Action Annual 10 – so many wonderful treats, it’s like a box of Kryptonian candy


From cover to cover, Action Annual 10 was a sheer delight to read.  In its 48 pages, it brings back many elements from the classic Superman world from the late 50s and early 60s, blends in some of the best parts of the post-Crisis Superman, and mixes in the original movie.  This period, between Infinite Crisis and Flashpoint, is my favourite “modern” Superman era.


Geoff Johns, Richard Donner and Arthur Adams open the issue as Lex Luthor goes hunting for kryptonite.  He muses over the various ways it is possible to kill Superman.


This allows for a number of Superman villains to be shown.  Mxyzptlk, Silver Banshee, Solomon Grundy and Black Adam could kill Superman with magic.


Bizarro, Mongul, Darkseid, Kailbak and, of course, Doomsday, have the potential to kill him with brute force.


While the Kryptonite Man, Metallo, and, in a very rare appearance, Titano are shown with Luthor’s murder weapon of choice.  Kryptonite.


Johns and Donner are joined by Eric Wright for the second story in the issue, a re-telling of the origin of Mon-El, Superboy’s “big brother.”  This is an extremely faithful rendition of the original, editing out only Superboy’s bizarre assumptions about Mon-El, and resulting paranoia when these prove not to be true.


Instead we get a really touching tale about how these two alien boys bond, after Lar Gand crashes on Earth, with no memory of who he is.  He eventually remembers that he is from Daxam, and though his powers are virtually identical to Superboy, his weakness is very different.  Lead.


Dying, due to his exposure to the lead in our environment, Mon-El allows Clark to send him into the Phantom Zone, until the day a cure can be found.  Or the writers want to use him.  Whichever comes first.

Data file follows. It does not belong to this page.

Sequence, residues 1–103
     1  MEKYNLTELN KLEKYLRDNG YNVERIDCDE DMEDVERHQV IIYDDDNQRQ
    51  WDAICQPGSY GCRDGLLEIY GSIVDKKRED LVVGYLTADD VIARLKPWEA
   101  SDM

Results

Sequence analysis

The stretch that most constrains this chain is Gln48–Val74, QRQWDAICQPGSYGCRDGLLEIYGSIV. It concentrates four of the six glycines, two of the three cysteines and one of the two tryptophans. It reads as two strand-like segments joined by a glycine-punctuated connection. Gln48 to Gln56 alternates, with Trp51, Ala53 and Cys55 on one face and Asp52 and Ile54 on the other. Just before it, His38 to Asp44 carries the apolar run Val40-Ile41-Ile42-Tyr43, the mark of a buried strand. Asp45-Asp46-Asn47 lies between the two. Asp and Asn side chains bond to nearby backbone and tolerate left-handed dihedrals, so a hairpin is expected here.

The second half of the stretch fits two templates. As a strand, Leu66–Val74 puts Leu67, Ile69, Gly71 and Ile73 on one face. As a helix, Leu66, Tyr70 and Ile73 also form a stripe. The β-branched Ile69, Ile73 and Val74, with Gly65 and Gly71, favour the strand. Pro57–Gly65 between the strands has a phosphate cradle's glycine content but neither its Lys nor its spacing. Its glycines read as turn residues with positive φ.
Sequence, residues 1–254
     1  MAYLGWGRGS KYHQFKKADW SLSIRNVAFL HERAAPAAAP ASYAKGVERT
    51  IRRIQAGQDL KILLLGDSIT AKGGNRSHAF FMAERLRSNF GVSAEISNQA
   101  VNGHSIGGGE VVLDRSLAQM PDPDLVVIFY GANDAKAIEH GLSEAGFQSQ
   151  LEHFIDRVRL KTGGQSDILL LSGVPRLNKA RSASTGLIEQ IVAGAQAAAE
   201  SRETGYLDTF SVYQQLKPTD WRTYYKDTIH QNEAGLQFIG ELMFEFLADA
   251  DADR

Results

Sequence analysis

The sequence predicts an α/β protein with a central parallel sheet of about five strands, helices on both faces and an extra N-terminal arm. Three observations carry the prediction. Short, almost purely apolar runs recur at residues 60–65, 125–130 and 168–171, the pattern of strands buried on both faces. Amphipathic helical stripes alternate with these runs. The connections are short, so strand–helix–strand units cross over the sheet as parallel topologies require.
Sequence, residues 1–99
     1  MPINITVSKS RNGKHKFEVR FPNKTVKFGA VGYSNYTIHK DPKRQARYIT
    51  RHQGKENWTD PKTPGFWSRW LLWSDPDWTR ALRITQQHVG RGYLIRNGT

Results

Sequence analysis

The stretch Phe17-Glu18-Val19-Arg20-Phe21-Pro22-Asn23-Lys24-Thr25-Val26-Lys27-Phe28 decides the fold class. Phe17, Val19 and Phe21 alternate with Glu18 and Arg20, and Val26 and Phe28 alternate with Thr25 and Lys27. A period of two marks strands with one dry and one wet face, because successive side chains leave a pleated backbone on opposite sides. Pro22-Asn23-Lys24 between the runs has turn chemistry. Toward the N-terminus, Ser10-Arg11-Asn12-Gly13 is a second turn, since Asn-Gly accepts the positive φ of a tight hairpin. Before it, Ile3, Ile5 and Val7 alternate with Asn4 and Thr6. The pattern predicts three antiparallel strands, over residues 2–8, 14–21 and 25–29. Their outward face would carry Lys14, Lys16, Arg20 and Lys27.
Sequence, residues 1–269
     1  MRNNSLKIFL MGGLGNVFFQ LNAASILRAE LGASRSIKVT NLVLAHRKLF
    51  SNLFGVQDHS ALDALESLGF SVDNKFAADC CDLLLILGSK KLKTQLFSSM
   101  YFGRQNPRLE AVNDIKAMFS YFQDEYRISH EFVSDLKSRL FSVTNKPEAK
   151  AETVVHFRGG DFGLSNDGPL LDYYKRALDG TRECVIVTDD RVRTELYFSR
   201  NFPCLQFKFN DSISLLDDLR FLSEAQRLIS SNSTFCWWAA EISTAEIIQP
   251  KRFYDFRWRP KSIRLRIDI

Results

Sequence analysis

Joe Kubert joins Johns and Donner for a two-pager, in which Thanagarian war ships discover Bizarro World, restored to continuity.  The Bizarros come out to greet the Thanagarians.  Even such hardened warriors as those cannot withstand a “friendly” Bizarro.


By this point the fanboy in me is squealing with delight, and comes across the two page spread of the Fortress of Solitude, a perfect example of the blending of the classic, the new, and the movie.


Rags Morales and Mark Farmer join Johns and Donner for a story about Zod, Ursa and Non, and what lead up to their revolt.  Commanded to arrest Jor-El by the Council, Zod is stunned to discover that the leaders of Krypton have suppressed Jor-El’s evidence of the planet’s coming destruction.


Non, a great scientific mind, could back up Jor-El, so the Council has him lobotomized. Zod and Ursa’s revolt becomes one the reader can sympathize with, although their methods are extreme.


Having Jor-El be the one to send them into the Phantom Zone becomes bitterly ironic, and lays the groundwork for the story from the previous few issues of Action.


Superman’s Top 10 Most Wanted works in a few more villains.  The Parasite and the Toyman rate a mention here, along with the others, who are featured other places in the issue as well.


Johns and Donner round out the issue with Gary Frank and Jonathan Sibal, as Luthor thinks about the various forms of kryptonite.  The classic red kryptonite, with its unpredictable effects, and blue kryptonite, with its ability to hurt Bizarros, are brought back.  Gold kryptonite gets a nice modification.  It removes a Kryptonians powers, but briefly, rather than permanently.  While this might seem like it diminishes this variation, in fact it makes it much more playable for the writers.


As the issue ends, Luthor upgrades a reluctant Metallo, powering him with all four of the kryptonite variations.


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